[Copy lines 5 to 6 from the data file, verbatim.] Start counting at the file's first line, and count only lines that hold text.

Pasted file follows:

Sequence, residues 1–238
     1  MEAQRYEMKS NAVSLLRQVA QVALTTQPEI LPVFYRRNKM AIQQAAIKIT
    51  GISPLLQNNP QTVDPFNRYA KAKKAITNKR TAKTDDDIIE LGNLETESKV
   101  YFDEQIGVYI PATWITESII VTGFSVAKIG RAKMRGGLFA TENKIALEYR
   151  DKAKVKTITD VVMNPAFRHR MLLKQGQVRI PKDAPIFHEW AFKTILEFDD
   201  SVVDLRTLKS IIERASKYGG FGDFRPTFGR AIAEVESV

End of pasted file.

   151  DKAKVKTITD VVMNPAFRHR MLLKQGQVRI PKDAPIFHEW AFKTILEFDD
   201  SVVDLRTLKS IIERASKYGG FGDFRPTFGR AIAEVESV